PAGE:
Porphyrias are a group of metabolic disorders, which result from a specific abnormality in one of the eight enzymes of the heme biosynthetic pathway. These have been subdivided based on the predominant site of enzyme defect into hepatic and erythropoietic types and based on clinical presentation into acute neurovisceral and cutaneous blistering porphyrias. This review focuses on hepatic porphyrias, which include acute intermittent porphyria (AIP), variegate porphyria (VP), hereditary coproporphyria (HCP), aminolevulinic acid dehydratase deficiency porphyria (ADP), and porphyria cutanea tarda (PCT). Of these, AIP and ADP are classified as acute porphyria, PCT as cutaneous, while VP and HCP present with both acute and cutaneous clinical manifestations. Porphobilinogen levels in a spot urine sample is the initial screening test for the diagnosis of acute hepatic porphyria, and plasma with spot urine porphyrin levels is the initial screening test to approach patients suspected of cutaneous porphyria. Specific biochemical porphyrin profile for each porphyria helps in determining the specific diagnosis. Pain relief and elimination of triggering agents are the initial steps in managing a patient presenting with an acute attack. Intravenous glucose administration terminates the mild episode of acute porphyria, with intravenous hemin needed for management of moderate to severe episodes. Liver transplantation is curative and may be needed for patients with a life-threatening acute porphyria attack or for patients with recurrent acute attacks refractory to prophylactic treatment. Of the cutaneous porphyrias, PCT is the most common and is frequently associated with a combination of multiple susceptibility factors such as alcohol use, smoking, hepatitis C virus infection, HIV infection, estrogen use, and mutations of the hemochromatosis gene. Regular phlebotomy schedule and low-dose hydroxychloroquine are effective and safe treatment options for management of PCT.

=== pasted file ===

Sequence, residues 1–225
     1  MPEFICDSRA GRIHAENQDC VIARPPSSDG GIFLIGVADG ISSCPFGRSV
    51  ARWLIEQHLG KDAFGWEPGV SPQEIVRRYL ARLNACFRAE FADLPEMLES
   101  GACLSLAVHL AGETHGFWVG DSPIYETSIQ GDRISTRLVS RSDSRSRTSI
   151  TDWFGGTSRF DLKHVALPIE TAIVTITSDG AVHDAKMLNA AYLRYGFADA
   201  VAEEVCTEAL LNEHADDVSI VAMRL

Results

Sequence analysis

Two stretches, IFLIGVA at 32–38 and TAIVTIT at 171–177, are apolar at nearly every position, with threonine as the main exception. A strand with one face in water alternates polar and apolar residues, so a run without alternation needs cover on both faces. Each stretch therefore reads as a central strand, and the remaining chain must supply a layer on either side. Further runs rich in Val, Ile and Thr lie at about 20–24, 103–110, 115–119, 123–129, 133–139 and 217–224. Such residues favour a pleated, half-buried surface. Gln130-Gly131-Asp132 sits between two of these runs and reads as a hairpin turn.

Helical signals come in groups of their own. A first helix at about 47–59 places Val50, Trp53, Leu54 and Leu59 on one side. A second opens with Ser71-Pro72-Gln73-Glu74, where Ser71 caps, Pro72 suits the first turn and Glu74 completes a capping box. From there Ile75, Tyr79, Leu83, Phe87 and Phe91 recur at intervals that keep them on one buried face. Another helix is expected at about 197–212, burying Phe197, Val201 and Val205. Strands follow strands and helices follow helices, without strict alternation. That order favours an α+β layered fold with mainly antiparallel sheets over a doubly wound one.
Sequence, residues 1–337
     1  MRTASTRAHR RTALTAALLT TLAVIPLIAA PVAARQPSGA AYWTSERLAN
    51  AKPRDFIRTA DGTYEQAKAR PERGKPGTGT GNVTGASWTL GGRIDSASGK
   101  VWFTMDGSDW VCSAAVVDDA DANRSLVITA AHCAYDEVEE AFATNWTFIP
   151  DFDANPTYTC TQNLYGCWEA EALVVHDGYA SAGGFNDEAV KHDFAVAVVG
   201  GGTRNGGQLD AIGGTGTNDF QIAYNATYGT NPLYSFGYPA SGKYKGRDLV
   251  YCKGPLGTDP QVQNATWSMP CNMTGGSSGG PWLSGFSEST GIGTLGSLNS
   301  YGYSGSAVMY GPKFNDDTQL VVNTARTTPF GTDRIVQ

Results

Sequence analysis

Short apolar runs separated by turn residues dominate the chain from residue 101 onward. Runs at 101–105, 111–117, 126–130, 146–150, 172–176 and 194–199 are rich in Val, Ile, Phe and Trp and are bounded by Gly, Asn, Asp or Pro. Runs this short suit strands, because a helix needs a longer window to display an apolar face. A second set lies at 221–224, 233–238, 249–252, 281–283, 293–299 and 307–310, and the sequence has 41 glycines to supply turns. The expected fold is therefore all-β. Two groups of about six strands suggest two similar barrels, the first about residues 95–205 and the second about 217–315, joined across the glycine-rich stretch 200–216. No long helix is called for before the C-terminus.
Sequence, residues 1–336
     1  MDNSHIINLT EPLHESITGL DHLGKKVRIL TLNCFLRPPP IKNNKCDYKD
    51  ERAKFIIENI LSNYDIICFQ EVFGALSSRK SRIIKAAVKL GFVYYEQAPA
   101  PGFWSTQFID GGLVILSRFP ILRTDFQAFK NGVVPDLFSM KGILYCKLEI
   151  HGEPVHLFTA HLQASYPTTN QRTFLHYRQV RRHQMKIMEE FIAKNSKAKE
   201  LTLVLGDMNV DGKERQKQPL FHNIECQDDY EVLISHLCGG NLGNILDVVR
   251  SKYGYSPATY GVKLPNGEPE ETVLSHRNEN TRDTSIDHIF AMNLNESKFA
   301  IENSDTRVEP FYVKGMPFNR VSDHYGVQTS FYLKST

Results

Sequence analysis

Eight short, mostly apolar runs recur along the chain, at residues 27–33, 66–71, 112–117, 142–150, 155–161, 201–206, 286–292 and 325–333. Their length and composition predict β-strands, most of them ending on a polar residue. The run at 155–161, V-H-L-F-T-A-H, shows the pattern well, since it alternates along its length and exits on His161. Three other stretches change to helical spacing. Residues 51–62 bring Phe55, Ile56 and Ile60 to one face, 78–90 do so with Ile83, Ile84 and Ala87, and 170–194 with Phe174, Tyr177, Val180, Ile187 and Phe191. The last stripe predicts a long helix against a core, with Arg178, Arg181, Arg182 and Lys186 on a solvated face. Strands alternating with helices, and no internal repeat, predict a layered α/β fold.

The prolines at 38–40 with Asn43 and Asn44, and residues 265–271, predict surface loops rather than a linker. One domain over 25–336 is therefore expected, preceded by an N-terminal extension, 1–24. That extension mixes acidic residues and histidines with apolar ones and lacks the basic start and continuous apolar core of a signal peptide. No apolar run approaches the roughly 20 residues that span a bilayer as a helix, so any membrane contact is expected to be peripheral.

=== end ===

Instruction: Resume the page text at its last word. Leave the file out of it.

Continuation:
- Metabolic disorders
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